I’ve always appreciated how They Might Be Giants respect their fanbase and labor hard to provide high value for the entertainment dollar. While their music has always had strong appeal to a younger demographic, in recent years They Might Be Giants have released albums aimed squarely at the school-age crowd, such as Here Comes the ABCs, (released as 25 tracks on CD, 39 on DVD) which has gotten a lot of airplay around our house. Note the clever lyric and accompanying animation sequence for “Alphabet Lost and Found“:
“Alphabet Lost and Found” They Might Be Giants 2005
There is a good reason why this YouTube clip was uploaded under the name of “DisneyMusic” — so says Wikipedia:
“While [the album] was produced and released by Walt Disney Records, the band was reportedly given complete creative control over the project, which at the time was very unusual for Walt Disney Records, which had until then followed a strict artist control policy. As a result, the DVD features a variety of puppetry, animation and live action supplied by personal friends of the group, including A.J. Schnack, who directed the TMBG documentary Gigantic (A Tale of Two Johns). For guest vocals on a few tracks, they turned to family: John Flansburgh’s wife Robin Goldwasser, and John Linnell’s son, Henry. The music videos that appear on the DVD were also aired (in part or whole) on the Disney Channel’s children’s programming block, Playhouse Disney.”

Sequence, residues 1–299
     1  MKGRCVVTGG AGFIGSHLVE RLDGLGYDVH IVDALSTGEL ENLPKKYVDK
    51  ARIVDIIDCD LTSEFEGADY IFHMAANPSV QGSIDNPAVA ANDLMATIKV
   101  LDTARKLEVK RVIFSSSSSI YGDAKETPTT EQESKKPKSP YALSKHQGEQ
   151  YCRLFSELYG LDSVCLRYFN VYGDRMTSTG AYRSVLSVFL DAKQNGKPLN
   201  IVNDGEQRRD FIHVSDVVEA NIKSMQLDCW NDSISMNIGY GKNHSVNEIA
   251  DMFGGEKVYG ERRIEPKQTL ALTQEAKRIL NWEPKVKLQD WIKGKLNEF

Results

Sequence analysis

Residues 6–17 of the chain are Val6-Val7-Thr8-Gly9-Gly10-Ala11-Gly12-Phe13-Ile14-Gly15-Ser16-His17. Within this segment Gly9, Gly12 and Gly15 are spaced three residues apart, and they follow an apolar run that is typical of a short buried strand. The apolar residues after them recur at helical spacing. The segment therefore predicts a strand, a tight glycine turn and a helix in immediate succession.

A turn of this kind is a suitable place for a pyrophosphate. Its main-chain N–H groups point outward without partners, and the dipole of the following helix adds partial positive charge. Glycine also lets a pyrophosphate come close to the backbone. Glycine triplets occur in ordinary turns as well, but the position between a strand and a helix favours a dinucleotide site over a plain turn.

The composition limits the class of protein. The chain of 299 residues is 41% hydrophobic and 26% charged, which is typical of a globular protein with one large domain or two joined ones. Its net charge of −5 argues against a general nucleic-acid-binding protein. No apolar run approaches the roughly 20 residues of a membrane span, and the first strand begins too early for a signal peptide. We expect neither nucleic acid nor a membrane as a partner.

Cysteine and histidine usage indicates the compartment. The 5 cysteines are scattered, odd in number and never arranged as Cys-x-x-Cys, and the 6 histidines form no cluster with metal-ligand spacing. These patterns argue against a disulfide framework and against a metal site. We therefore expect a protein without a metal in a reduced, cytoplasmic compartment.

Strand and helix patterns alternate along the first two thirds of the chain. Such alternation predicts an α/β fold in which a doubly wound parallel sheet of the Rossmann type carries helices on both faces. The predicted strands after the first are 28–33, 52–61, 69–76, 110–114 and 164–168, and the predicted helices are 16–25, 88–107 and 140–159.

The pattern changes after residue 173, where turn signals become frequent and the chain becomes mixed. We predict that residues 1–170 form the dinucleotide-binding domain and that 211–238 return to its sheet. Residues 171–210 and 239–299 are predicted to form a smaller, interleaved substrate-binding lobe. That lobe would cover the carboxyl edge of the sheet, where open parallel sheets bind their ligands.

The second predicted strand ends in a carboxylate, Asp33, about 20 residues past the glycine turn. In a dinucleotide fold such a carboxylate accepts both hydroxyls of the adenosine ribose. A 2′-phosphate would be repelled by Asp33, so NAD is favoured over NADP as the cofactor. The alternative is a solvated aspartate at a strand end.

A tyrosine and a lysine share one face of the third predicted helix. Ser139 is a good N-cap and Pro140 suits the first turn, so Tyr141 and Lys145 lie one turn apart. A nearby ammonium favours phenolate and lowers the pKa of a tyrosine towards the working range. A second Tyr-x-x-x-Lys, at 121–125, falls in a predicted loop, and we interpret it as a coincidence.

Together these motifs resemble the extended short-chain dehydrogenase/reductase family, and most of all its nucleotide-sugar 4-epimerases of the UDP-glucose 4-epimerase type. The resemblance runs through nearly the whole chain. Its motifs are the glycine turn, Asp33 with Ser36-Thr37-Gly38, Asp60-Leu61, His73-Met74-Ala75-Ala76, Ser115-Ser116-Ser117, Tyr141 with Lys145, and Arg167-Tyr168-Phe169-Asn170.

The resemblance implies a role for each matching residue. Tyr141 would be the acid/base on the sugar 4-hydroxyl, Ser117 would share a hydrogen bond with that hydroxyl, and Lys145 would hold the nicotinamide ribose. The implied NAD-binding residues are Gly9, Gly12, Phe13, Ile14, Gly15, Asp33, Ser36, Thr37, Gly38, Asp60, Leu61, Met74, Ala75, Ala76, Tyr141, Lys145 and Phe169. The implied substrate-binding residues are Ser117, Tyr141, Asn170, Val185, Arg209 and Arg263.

Sounds like Alvino Rey‘s “Sono-Vox” being employed in the phased backing vocals — or some simulation thereof, yes?
Divya Srinivasan is the artistic hand behind the animation on “Alphabet Lost and Found” — check out the rest of her work at her website, which includes an animation reel and illustration slide show.
Here Come the ABCs would be the successor to No!, their first formal children’s album.TMBG Flexi-Disc Trivia
“Jesse Ed Davis (Comanche-Kiowa) began his work as a leading session guitarist in the early 1960s when he accompanied country singer Conway Twitty. The powwow influences in Davis’s music are both subtle and yet apparent to the trained ear. From his first solo album, Jesse Davis (Atco, 1970), the song ‘Washita Love Child’ contains both lyrical references (‘And I did that powwow thing’) and the combined background vocals of Merry Clayton, Clydie King, and Gram Parsons, utilizing the vocal refrain of ‘hey-ya-hey’ typical of the powwow song style, but arranged by Davis as a standard back-up vocal. The back beat and rhythm of the song are obviously powwow-based.”
The autobiographical “Washita Love Child” – with its driving beat and guest guitar solo by Eric Clapton – seems the obvious choice for the album’s opening track, and yet it would get bumped to the #3 spot:
“Washita Love Child” Jesse Ed Davis with Eric Clapton 1970
Keyboards: Ben Sidran, John Simon, Larry Knechtel & Leon Russell
Bass: Billy Rich & Steve Thompson
Drums: Alan White, Bruce Rowland, ChuckBlackwell & Steve Mitchell
Percussion: Alan Yoshida, Jackie Lomax, Johnnie Ware, Pat Daley, PeteWaddington & Sandy Konikoff
Tenor Saxophone: Frank Mayes
Tenor Saxophone: Jerry Jumonville [solo]
Trombone & Trumpet: Darrell Leonard
Baritone Saxophone & Clarinet: James Gordon
Producer, Arranger & Album Cover Concept: Jesse Edwin Davis III
Cover Painting: Jesse Edwin Davis II
Jesse Ed Trivia That Might Blow Your MInd, If Slightly
~ Jesse Ed Davis released “Sue Me Sue You Blues” in 1972 before the song’s author, George Harrison, issued his own version on 1973’s Living in the Material World.
~ Jesse Ed Davis provided musical support for two artists who would each record distinctive versions of Dylan’s “A Hard Rain’s A-Gonna Fall” for debut albums released in 1971 & 1973, respectively: Leon Russell (guitar) and Bryan Ferry (backing vocals).